Parametric Computational Study on Butterfly-Shaped Hysteretic Dampers
Eatherton, Matthew R.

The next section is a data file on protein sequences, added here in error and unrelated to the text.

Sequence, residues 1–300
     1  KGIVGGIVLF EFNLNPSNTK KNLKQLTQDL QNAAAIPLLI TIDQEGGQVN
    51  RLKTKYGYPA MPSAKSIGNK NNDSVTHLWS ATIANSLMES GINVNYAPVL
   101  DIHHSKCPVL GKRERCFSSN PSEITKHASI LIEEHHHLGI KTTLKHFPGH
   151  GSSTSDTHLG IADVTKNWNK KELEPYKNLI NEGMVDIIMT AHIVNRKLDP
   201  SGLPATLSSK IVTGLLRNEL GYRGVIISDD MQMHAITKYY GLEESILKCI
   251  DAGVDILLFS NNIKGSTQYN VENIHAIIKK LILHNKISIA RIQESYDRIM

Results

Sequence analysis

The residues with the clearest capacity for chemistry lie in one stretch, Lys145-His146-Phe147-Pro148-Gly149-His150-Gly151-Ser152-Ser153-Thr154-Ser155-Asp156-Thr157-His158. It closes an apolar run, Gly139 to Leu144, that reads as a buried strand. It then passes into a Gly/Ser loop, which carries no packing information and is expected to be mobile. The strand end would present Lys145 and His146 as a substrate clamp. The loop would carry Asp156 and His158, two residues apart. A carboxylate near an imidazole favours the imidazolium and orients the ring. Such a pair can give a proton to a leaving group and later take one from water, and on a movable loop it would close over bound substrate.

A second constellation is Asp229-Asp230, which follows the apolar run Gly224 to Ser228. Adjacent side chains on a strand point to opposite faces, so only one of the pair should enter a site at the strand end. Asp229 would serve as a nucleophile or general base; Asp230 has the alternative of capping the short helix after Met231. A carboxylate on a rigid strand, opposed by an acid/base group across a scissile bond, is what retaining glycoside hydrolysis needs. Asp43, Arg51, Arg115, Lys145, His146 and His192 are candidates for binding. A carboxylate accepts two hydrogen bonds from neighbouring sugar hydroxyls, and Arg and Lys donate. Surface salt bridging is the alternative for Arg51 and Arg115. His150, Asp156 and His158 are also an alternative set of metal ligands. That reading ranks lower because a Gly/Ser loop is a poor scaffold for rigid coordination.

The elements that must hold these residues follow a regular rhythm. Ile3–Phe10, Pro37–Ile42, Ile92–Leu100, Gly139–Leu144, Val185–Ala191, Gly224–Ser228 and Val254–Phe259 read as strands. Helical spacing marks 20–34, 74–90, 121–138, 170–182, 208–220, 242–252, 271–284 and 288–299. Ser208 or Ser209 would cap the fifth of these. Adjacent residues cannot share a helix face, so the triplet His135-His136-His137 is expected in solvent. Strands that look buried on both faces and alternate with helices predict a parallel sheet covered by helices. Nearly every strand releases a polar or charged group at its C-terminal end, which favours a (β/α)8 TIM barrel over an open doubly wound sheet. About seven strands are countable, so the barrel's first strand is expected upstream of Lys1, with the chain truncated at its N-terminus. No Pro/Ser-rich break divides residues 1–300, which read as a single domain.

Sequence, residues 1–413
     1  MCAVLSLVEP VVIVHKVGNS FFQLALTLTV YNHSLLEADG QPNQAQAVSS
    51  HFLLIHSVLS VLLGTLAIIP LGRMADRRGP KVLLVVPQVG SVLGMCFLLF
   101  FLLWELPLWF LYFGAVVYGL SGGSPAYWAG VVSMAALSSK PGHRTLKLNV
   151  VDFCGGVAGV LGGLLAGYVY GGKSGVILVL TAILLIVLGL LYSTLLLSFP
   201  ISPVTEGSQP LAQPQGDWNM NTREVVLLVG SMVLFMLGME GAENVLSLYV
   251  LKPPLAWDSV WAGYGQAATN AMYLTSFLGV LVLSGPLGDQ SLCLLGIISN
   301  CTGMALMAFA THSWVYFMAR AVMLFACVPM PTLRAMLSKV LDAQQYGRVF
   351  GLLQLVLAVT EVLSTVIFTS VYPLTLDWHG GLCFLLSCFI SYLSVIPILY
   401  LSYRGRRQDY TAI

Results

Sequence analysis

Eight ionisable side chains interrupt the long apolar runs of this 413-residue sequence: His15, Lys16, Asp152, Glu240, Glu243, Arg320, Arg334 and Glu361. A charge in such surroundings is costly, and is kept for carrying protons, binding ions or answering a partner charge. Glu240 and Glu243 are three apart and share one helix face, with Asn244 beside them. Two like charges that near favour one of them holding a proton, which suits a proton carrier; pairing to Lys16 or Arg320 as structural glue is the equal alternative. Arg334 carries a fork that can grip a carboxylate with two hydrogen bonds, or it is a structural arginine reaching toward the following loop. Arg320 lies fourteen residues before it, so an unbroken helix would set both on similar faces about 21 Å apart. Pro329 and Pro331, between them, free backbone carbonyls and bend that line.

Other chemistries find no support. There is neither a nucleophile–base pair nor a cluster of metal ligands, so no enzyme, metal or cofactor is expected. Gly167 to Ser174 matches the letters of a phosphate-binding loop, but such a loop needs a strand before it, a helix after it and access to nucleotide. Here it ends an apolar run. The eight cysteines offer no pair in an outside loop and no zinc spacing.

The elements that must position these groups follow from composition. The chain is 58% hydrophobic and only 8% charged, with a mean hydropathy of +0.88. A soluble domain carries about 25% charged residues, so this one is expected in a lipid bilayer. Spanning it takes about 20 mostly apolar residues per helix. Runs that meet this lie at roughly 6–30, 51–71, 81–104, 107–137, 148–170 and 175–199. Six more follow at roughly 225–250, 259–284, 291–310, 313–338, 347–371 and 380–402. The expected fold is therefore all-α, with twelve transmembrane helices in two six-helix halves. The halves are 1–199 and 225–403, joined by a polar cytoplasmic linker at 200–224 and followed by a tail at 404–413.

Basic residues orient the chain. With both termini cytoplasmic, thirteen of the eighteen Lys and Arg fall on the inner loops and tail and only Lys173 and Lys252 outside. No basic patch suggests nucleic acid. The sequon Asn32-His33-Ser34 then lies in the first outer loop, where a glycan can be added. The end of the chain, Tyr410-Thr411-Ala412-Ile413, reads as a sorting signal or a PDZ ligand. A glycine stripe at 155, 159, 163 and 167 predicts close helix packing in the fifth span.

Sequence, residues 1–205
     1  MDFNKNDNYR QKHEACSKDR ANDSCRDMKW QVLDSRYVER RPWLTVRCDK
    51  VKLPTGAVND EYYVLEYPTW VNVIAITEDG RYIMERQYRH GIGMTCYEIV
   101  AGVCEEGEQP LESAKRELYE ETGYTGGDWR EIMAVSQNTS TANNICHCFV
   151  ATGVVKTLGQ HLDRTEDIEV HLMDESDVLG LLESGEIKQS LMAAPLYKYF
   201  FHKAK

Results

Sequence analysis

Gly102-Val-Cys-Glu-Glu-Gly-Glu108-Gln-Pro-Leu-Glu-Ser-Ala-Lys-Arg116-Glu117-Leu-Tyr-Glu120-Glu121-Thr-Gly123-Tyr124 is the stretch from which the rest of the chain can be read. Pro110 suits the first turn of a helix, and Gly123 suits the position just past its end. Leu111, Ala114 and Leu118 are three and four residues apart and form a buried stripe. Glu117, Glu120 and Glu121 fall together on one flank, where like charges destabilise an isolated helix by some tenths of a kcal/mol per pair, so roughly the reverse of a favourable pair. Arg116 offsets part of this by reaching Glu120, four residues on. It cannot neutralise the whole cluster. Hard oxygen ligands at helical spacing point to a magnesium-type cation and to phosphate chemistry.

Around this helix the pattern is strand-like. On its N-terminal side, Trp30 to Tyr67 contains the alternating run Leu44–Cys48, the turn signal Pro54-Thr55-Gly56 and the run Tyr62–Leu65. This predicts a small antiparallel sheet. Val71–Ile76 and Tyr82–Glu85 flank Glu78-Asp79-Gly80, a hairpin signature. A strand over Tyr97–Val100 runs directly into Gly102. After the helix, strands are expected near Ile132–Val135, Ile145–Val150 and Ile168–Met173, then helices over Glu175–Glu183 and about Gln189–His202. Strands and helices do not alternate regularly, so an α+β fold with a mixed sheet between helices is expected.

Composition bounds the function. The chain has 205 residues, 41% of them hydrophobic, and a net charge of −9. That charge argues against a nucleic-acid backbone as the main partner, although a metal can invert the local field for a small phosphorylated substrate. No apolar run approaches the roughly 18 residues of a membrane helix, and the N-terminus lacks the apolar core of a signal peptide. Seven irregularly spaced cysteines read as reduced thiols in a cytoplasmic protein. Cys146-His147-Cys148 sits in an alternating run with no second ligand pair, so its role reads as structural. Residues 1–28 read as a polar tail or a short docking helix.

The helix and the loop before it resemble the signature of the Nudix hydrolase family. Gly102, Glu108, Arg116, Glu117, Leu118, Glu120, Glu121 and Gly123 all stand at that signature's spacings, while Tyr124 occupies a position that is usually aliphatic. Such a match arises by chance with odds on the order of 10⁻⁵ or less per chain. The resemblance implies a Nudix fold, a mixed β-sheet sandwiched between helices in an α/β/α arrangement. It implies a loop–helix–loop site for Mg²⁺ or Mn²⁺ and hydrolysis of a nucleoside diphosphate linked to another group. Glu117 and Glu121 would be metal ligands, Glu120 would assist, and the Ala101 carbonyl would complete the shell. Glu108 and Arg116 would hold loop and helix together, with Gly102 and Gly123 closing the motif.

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Structural steel plates oriented to resist shear loading can be used as hysteretic dampers in seismic force resisting systems. Some steel plate hysteretic dampers have engineered cut-outs leaving shear links that exhibit controlled yielding. A promising type of link described in the literature is the butterfly-shaped link that better aligns bending strength along the link length with the shape of the applied moment diagram. In previous studies, it has been observed that these links are capable of substantial ductility and energy dissipation. However, the effect of varying butterfly geometric parameters on the location of plastic hinges, accumulation of plastic strain, the potential for fracture, buckling, and energy dissipation are not well understood and thus deserve further investigation. A parametric computational study is conducted to investigate the shear yielding, flexural yielding, and lateral torsional buckling limit states for butterfly-shaped links. After validating the accuracy of the finite element (FE) modeling approach against previous experiments, 112 computational models with different geometrical properties were constructed and analyzed including consideration of initial imperfections. The resulting yielding moment, corresponding critical shear force, the accumulation of plastic strains through the length of links as well as the amount of energy dissipated are investigated. The results indicate that as the shape of the butterfly-shaped links become too straight or conversely too narrow in the middle, peak accumulated plastic strains increase. The significant effect of plate thickness on the buckling limit state is examined in this study. Results show that overstrength for these links (peak force divided by yield force) is between 1.2 - 4.5, with straight links producing larger overstrength. Additionally, proportioning the links to delay buckling, and designing the links to yield in the flexural mode are shown to improve energy dissipation.